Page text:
Utah’s most consistent offense in the second half came on three John Lucas fade-away jumpers off-the-dribble. They were difficult shots by Lucas that kept the Jazz within striking distance, but that speaks volumes about the type of looks the Jazz were getting.
Even the rebounding numbers went the other way as Houston outrebounded Utah 28-12 in the 2nd-half and posted a 53% offensive rebounding rate. Their outhustling was most evident in plays such as at 5:09 4th-qtr when Lin pushed the ball in transition, missed a layup but Parsons (who outran Mike Harris) followed to put the Rockets up 90-85 and force a Jazz timeout.
There were also perplexing Jazz defensive breakdowns, such as 4:22 4th-Qtr with the Jazz trailing just 90-87 when John Lucas completely lost contact with Lin, leaving him wide-open for a catch&shoot 16-footer. Another bizarre breakdown came at 4:07 4th-Qtr when Kanter fell down following a missed Jazz FT, giving Houston a 5-on-4 advantage in which Harden drilled a dagger three to put the Rockets up 95-88.
With 5:01 left in the game and Houston nursing a 5-point lead, the Rockets opted to say with a small lineup when the Jazz brought Favors back in the game to play next to Kanter. The matchup put Favors on Parsons which drew Utah’s best interior defender away from the rim. As a result, Houston had a freeway to the rim with Kanter matched up on Howard – the prime example being a Lin layup over Kanter to put Houston up 7 with 3:11 left.
At the other end Utah picked up consecutive fouls on Parsons defending Favors in the post, but also had struggles where poor floor-spacing allowed Houston to easily switch Howard onto Favors mid-play (3:35 4th-Qtr) and Utah’s halfcourt offense appeared clueless at how to react.
Odds and Ends
- The Jazz received their first delay of game warning of the season when Richard Jefferson made contact with the basketball in the 1st-qtr following a Kanter layup.
- The Jazz shot 3 airballs in the 1st-qtr, with Hayward, Kanter and Favors the guilty parties.
- Favors’ 2nd-foul came on an apparent bang-bang “verticality” play on Dwight Howard beneath the rim but officials made the correct call. Favors was a split-second late getting “vertical” and actually moved slightly into Howard after Dwight was in his shooting motion. Tough call but the right one.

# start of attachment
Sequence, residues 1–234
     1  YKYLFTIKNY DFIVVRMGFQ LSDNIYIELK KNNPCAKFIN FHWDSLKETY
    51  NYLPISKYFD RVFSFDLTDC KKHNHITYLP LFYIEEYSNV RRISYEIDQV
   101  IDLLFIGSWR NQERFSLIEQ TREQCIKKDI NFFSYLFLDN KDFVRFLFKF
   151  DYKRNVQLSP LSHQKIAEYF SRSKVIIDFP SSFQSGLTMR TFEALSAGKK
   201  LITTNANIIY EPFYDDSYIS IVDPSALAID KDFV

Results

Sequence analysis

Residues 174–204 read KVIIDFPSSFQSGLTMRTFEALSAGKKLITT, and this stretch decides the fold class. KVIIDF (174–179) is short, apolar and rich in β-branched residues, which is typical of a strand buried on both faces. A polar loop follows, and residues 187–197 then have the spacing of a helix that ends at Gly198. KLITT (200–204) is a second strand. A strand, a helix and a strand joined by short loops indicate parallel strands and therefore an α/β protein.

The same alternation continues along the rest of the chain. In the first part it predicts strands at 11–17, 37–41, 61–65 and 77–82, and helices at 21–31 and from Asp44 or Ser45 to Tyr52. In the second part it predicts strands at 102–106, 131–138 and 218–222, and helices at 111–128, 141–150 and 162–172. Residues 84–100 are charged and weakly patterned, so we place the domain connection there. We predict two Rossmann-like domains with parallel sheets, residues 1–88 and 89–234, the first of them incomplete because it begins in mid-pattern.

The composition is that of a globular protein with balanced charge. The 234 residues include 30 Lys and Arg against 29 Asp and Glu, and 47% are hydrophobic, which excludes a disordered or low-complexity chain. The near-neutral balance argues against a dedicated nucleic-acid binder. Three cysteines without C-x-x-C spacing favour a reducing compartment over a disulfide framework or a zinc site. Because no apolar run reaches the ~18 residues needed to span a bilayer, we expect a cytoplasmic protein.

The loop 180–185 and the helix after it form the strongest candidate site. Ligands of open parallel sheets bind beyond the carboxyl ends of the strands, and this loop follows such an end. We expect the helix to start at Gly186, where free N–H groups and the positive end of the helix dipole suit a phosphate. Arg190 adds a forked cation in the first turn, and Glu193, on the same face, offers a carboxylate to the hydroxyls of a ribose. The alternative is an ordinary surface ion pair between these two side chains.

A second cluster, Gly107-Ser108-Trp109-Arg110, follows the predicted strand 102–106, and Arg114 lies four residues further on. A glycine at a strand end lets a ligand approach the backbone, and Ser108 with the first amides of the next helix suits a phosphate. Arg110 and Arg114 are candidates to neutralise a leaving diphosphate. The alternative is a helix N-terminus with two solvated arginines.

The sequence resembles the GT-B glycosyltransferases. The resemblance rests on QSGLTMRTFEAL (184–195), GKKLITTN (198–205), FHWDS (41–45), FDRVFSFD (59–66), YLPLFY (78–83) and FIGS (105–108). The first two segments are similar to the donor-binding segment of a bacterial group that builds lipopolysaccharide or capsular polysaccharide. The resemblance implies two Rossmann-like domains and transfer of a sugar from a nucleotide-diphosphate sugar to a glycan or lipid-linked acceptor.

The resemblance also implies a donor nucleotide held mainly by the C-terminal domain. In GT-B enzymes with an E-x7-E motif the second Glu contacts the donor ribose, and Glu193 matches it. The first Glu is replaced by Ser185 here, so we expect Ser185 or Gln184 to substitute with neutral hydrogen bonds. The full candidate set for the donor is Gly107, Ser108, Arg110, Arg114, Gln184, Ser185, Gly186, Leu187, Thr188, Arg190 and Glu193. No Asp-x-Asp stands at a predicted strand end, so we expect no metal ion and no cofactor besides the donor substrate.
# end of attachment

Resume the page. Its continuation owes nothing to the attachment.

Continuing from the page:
- If you combine Howard + Hayward while speaking, the result is what Steve Brown said at the 3:05-mark of the 2nd-Qtr
- Enes Kanter continued his streak of throwing passes to people in the front row with a 2nd-qtr bounce pass that eluded Hayward on the baseline. When he misses he’s not close but I do like that Kanter is looking to pass. He’s a young player who just needs to improve his accuracy, but the thought and recognition is there.
- There was a very minor Richard Jefferson/Francisco Garcia incident in the 2nd-qtr where after fouling RJ, Garcia gave Jefferson a little pull backwards to which Jefferson responded with a push while walking away. The referees stepped in and whistled Jefferson for a technical, and on the replay you could read Ty Corbin’s lips pleading to the refs “He hit first” while pointing at Garcia. That line didn’t work in 1st-grade and didn’t work there.
In three games this season, the Jazz have outscored their opponents in 4 of the 6 total 1st and 2nd-quarters. Conversely, Utah’s opponents have outscored the Jazz in 5 of the 6 3rd and 4th-quarters. Clearly the Jazz are having issues dealing with teams making second-half adjustments and adjusting themselves.
Some of that is to be expected from a young team, and some of that falls on the coaching staff. How much blame rests where is debatable, but if you’re good enough to gain second-half leads on teams you should be able to finish. The Deron/AK/Boozer/Okur teams became great closers and went through their growing pains during the 2005-06 season – but progress was made. The Jazz have set the bar to the point where they can compete with talented teams in the West, but can’t finish.
As the season progresses and Utah’s depth increases, we should see some tangible improvement in Utah’s ability to finish games and that’s certainly reason for excitement and optimism.
It’s an 0-3 team but not a team playing 0-3 basketball.